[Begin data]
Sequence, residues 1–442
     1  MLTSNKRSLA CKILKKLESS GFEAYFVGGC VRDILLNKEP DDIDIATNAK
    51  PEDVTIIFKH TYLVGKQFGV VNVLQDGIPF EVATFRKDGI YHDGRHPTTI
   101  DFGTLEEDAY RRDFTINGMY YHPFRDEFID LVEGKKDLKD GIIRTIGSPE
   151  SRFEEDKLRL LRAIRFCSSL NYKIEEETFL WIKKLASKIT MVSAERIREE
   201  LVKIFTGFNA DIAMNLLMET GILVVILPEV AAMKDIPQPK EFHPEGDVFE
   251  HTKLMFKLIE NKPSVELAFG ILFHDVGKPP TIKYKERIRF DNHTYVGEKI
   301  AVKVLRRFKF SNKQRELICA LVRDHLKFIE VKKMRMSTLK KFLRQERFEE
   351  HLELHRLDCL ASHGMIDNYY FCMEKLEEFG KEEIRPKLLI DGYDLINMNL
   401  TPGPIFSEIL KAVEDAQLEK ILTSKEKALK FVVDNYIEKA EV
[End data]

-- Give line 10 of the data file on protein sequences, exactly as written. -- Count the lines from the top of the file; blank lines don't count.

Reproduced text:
   401  TPGPIFSEIL KAVEDAQLEK ILTSKEKALK FVVDNYIEKA EV